Dear Dr. Andrea,
These past few months have been stressful, to say the least. My husband and I have two elementary-school-aged children and we both work full time, so the lockdown and schooling have been hard. He has a particularly demanding job. My kids are generally good kids and we have always had a pretty smooth relationship. Anyway, I have gradually become a yeller over this time and I feel like such a hypocrite.
I am not screaming at the top of my lungs or saying truly mean things to my kids, but I have started raising my voice pretty regularly, when they aren’t doing what they’re supposed to, or when they have conflicts with each other, or when I find that they’ve made a mess or can’t stay quiet. It’s a tone that’s angry and that I don’t like and I feel like it’s my new normal.
My kids have started to ignore me even more now, and sometimes even plug their ears. Every day I say I’m not going to do this anymore, but it’s like the floodgates have opened and I can’t stop, even though I know it doesn’t help. I would love to go back to how things were.
—Want to be better than this
Your last sentence says it all — there are probably so many ways that you’d like to go back to how things were.
This is hard.
Please extend yourself some compassion. Heightened stress depletes our patience, period. And being unexpectedly responsible for all-day, everyday supervision of your children while also working full-time (so, double the usual roles to perform, and simultaneously) is a level of demand that can make even the most patient person frazzled.
Let’s also not be all-or-none here. You start off each day with the goal to never yell again. But I’m thinking that creates too strict a standard, because when you do lose your patience, then you probably feel disappointed enough that it takes away your motivation to make the next interaction just a little bit better. (It’s like the crash diet that turns into a binge the second someone feels like they “messed up.”)
So, instead of declaring raising your voice to be the absolute enemy, or reminding yourself constantly what you’re not supposed to be doing, aim just to add more of an alternative, positive behavior, like pausing and counting to 10 before you respond when you’re frustrated. Or practicing breathing exercises when you feel yourself getting angry. Or giving yourself a timeout when you are overwhelmed, where you go and get some silent space for a few minutes.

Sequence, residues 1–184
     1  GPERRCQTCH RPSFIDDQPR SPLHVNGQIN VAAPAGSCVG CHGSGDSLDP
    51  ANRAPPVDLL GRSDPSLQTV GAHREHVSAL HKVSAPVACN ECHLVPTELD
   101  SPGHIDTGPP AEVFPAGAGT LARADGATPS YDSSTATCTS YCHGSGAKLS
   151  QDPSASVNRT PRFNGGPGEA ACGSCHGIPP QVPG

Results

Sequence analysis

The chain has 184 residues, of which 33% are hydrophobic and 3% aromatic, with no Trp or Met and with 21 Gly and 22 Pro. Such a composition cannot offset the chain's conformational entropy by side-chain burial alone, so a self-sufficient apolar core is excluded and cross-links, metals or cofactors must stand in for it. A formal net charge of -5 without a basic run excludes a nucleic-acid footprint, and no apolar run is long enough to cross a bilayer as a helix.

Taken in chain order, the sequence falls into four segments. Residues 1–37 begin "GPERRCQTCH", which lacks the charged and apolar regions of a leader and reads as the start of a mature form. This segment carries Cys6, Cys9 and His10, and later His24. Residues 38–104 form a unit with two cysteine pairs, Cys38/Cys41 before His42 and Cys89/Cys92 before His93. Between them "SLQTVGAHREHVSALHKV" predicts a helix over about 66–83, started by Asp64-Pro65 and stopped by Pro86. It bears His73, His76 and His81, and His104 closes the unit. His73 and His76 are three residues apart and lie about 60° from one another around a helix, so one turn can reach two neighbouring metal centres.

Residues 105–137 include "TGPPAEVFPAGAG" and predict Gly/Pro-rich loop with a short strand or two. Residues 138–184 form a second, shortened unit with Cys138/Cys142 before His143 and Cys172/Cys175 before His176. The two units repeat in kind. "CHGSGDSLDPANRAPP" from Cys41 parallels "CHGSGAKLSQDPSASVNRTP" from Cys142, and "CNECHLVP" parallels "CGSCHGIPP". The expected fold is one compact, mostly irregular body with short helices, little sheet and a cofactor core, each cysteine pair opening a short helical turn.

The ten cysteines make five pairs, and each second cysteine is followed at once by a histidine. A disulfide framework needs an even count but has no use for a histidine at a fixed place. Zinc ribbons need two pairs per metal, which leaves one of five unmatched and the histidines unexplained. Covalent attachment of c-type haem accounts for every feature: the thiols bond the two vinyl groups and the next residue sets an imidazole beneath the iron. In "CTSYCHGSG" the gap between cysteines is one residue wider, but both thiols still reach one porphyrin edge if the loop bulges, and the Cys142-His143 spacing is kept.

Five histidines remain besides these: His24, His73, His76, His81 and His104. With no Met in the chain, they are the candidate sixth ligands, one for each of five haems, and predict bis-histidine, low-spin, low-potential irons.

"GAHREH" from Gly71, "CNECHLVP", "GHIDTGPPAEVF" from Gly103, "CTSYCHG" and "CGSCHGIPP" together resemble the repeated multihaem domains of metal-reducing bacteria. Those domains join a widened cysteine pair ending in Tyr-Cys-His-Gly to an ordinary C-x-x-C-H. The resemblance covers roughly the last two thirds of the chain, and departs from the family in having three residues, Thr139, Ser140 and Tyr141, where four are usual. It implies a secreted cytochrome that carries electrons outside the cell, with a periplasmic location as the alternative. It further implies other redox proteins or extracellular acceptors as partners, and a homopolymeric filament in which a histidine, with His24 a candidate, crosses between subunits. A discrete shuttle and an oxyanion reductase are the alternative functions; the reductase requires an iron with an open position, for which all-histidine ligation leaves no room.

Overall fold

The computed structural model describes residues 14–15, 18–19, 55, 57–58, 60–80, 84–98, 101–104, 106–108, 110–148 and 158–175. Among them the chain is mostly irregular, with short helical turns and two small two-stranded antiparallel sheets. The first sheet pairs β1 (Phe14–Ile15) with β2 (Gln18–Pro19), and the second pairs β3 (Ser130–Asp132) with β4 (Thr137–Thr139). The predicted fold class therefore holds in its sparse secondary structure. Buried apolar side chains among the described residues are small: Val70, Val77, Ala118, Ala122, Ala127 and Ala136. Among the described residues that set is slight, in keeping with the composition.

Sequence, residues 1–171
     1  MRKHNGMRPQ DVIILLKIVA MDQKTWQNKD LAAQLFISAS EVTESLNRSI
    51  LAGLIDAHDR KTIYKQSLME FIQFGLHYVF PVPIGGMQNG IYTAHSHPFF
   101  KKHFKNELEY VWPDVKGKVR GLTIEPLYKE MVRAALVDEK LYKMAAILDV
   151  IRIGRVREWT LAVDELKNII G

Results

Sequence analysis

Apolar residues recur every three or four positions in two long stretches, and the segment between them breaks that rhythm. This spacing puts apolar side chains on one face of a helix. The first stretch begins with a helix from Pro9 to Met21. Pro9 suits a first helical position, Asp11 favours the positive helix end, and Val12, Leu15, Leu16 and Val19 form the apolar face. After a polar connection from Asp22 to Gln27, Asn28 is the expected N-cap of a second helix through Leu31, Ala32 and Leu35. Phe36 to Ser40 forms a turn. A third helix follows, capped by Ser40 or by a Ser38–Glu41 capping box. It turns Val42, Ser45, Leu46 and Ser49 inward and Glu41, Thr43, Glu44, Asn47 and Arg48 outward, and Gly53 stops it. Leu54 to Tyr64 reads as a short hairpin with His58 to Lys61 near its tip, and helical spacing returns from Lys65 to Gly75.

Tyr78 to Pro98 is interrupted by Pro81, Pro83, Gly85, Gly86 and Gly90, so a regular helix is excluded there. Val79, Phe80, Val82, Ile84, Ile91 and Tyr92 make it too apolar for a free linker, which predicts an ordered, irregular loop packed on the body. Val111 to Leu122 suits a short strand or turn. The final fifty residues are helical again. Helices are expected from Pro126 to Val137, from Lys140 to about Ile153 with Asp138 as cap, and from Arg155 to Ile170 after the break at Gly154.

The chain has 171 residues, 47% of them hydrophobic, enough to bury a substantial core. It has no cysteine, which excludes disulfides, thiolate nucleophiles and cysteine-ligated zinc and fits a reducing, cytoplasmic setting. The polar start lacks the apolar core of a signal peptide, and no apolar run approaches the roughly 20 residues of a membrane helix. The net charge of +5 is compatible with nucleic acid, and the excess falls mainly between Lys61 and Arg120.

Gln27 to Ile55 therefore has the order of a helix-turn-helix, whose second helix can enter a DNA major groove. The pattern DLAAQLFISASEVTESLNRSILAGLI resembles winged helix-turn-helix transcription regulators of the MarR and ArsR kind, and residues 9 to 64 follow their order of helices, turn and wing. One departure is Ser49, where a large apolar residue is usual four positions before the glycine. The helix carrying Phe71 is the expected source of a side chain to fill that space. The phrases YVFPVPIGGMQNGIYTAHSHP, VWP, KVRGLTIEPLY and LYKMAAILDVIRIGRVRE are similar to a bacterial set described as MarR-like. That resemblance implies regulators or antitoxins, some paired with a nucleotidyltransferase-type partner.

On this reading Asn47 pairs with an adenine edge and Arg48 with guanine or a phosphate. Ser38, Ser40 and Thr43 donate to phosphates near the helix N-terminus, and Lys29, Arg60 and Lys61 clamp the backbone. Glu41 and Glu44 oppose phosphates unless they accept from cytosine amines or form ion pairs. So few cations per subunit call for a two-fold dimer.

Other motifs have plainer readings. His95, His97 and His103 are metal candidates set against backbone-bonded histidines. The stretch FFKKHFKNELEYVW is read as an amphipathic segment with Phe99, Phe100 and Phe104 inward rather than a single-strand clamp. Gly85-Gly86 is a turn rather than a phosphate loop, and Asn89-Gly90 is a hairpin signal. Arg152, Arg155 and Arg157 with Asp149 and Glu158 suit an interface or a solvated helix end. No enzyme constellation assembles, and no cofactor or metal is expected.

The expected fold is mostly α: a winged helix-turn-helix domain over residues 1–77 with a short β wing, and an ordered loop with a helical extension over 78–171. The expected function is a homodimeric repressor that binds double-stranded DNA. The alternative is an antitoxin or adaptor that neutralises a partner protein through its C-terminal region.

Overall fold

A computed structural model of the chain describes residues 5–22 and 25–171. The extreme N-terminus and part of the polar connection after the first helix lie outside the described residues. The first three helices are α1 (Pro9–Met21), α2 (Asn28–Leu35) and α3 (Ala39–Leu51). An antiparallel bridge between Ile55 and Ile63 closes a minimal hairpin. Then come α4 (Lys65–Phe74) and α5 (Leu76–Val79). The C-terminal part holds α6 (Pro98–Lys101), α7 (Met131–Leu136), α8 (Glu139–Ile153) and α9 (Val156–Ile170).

You might also talk with your husband about your struggle, and see how you two can make sure there’s equilibrium in supporting each other. Yes, his professional job is demanding. But that shouldn’t automatically mean that you now have too much of the also-demanding job of keeping your kids on track with the nine different passwords they need for online schooling. Talk it through, because it will be so helpful if you all — including your kids — take this on as a team. Don’t set it up with you as the problem, but rather make a family goal out of it. To be more patient with each other, perhaps? To have more fun together? To communicate with each other more respectfully? By listening to everyone’s ideas for improvement, you can get them on board. When you view this as your burden to bear alone, you just take on more pressure, and you don’t get any help in fixing a dynamic that everyone is likely contributing to.
Finally, as much as I have become a broken record these days, we can’t truly address your stressed reactions without addressing your baseline stress itself: It’s the only way to get real bang for your buck when you try to make changes. You’ve got to prioritize your own self-care during this time. And while many parents have a knee-jerk reaction that it’s selfish to ever put their own needs first, the opposite is true. Doing what you need to do to be more rested, calm, fulfilled and energized ends up being a kindness to your children.
So, you know the drill — but take it seriously. Sleep, movement, nature, social connections, creative pursuits on your own: Consider them your vitamins right now.